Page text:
Guide to Getting Good Gloves

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Gloves aren’t just a style statement this time of year; they’re a practical necessity if you live someplace cold. I’m in Canada at the moment, visiting family, and can’t even leave the house without a pair already on. Plus, check out Luciano Barbera’s beautifully aged gloves pictured above – old and richly patina’d from years of use. Such gracefully aged gloves can be a nice way to add interest to a winter ensemble. 

If you can only own one pair, get them in dark brown. Something made from a soft and supple Nappa leather will be versatile enough to go with almost anything. You’ll also want to get them wool-lined, if not at least cashmere-lined. Unlined gloves fit closer to the hand, but you’ll appreciate the added warmth of wool-lined gloves when temperatures drop below forty. 

If you have room for more than one pair, however, I think it’s nice to get some that go with certain outfits. Think about the material, stitching, lining, and even silhouette (yes, gloves have silhouettes). A rundown of what I find particularly useful for my wardrobe:

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PROPER DRESS GLOVES

If you wear suits, you’ll probably want some proper dress gloves. Something made from a soft and fine leather – such as capeskin, hairsheep, or kidskin – will go well with tailoring. I like mine to have a bit of handsewing, particularly around the points (the three lines at the back), but am otherwise fine with machine-sewing. 

Machine-sewing here makes sense, particularly around the fingers, since it allows the glovemaker to more easily turn the edges of the leather inward, such that they’re hidden from view. This gives the gloves a slimmer, more form-fitting appearance, which I find looks better with suits and sleek casualwear. 

I also like find dress gloves do better when they’re unlined (or, at most, silk lined). Wool or cashmere linings lend warmth, but they also add bulk – turning what would have otherwise been an elegant pair of gloves into something that can look vaguely like an oven mitt. Sometimes you’re willing to put up with that bulk for some extra comfort on a cold day, but if so, my guess is that you’re also wearing an overcoat. At which point, I recommend wearing different gloves anyway.

Pictured below: Brown kidskin and grey suede kidskin gloves from Lavabre Cadet, the best maker I know for dress gloves. The company is known for their impeccably fine handsewing and soft kidskin leathers. I wear the brown pair above with suits, but the grey suede ones with all-black casualwear outfits (e.g. sleeker leather jackets with slim jeans and boots). You can find Lavabre Cadet at The Hanger Project (an advertiser on this site), Beige Habilleur, and Camille Fournet

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RUSTIC HANDSEWN GLOVES

Dress gloves look great with suits, but their silhouettes can seem dainty next to heavy overcoats and tweed sports jackets. For those occasions, I like handsewn gloves made from more interesting leathers. 

You can get handsewn gloves made from almost anything, but I think they look particularly good in peccary and carpincho – sometimes referred to as the king and queen of glove leathers. The bottom pair you see above is made from peccary, which comes a kind of wild boar. It has a slightly grainy texture and unmatched soft feel. The top pair is carpincho (sometimes called capybera), which is taken from a South American water rodent. The leather is a little more spotted, which makes it look more distinctive from a distance.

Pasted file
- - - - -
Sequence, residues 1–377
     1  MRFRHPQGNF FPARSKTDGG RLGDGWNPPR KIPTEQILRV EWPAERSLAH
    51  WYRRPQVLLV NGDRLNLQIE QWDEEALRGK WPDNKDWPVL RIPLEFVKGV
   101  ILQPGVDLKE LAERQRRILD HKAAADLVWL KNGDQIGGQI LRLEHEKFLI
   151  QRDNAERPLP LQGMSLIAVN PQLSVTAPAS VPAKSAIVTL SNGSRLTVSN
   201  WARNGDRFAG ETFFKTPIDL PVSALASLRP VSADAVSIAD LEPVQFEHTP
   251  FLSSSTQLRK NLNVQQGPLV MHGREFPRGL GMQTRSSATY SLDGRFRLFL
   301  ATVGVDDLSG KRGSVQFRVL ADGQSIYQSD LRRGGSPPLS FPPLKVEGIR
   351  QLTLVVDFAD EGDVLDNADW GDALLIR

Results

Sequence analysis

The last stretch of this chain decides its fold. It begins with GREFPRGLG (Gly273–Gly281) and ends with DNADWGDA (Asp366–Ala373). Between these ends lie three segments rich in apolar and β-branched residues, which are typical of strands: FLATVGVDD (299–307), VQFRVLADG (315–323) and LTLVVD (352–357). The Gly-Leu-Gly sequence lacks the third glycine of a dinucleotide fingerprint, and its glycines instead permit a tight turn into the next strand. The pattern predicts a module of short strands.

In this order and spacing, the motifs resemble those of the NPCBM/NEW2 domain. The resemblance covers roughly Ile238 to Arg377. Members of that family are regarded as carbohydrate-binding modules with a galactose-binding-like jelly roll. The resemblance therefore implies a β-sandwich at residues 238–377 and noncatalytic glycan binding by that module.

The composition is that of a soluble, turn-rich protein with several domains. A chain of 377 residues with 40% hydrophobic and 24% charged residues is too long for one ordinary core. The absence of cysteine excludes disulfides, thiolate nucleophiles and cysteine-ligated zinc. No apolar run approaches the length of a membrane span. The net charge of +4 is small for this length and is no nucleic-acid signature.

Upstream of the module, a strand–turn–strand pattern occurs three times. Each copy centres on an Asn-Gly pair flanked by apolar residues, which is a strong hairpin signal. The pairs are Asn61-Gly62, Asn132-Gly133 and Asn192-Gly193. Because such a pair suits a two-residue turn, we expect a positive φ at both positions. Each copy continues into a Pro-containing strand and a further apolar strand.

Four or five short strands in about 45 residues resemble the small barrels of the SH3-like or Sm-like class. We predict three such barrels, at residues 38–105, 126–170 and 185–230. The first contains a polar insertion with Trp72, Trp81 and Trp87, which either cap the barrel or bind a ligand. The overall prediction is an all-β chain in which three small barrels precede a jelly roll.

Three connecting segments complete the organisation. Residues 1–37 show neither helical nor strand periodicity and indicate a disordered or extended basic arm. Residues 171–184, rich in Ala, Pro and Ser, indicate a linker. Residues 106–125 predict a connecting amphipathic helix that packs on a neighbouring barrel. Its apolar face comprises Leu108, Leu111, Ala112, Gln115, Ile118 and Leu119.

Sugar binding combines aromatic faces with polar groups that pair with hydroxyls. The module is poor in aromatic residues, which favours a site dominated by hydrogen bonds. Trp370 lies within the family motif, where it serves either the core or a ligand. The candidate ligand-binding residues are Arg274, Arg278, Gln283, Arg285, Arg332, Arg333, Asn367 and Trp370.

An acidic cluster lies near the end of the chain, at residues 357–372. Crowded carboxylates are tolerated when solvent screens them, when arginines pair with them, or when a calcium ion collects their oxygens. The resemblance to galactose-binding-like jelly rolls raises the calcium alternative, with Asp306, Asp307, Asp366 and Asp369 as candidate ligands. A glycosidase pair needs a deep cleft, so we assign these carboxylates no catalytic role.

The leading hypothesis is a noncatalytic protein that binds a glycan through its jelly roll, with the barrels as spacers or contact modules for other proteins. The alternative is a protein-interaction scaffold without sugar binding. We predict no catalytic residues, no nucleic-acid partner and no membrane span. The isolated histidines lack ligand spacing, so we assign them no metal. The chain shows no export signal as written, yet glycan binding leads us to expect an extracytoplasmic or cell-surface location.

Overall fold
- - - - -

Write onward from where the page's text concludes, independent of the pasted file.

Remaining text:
You can tell these have been handsewn because the threads are thicker and stitching more irregular. Not all handsewn gloves look like this (see the Lavabre Cadet dress gloves above), but it’s hard to replicate this specific look with machines. 

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What separates these from dress gloves is really the fingers. Handsewn gloves often have out-turned edges, which means the edges of the leather face away from the hand. This completely changes the silhouette. Rather than the slim, elegant gloves mentioned in the previous section, these look bulkier and heavier. Their rugged sensibility allows them to sit well next to rustic materials, such as tweed, corduroy, and moleskin, as well as hefty, tailored outerwear. 

Like my dress gloves above, however, I prefer these to be unlined. It’s a balancing act, really. When the edges are turned out, you’re already adding visual weight. Adding a cashmere lining just makes them heavier looking still. Perfectly fine if you live in a cold climate, but I prefer mine without. Plus, peccary is such a wonderfully soft leather. It would be a shame to own a pair and not be able to feel it against your skin. 

Pictured above: Merola gloves in both peccary and carpincho. I find Merola to offer some of the best value in terms of top-end gloves. They’re not as expensive as Lavabre Cadet, but their quality is excellent. Also, easily had at places such as No Man Walks Alone, The Hanger Project, and Exquisite Trimmings (all three advertisers on this site), as well as Nitty Gritty, Beige Habilleur, and Trunk Clothiers

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WOOL LINED GLOVES

If most of your gloves are unlined, like mine, then you’ll need at least a pair of lined gloves for truly cold days. Silk is nice, but adds little warmth. Instead, you’ll want to try some kind of wool. Lambswool and wool-blends are often the most robust, but they lack the softness and comfort of alpaca and cashmere.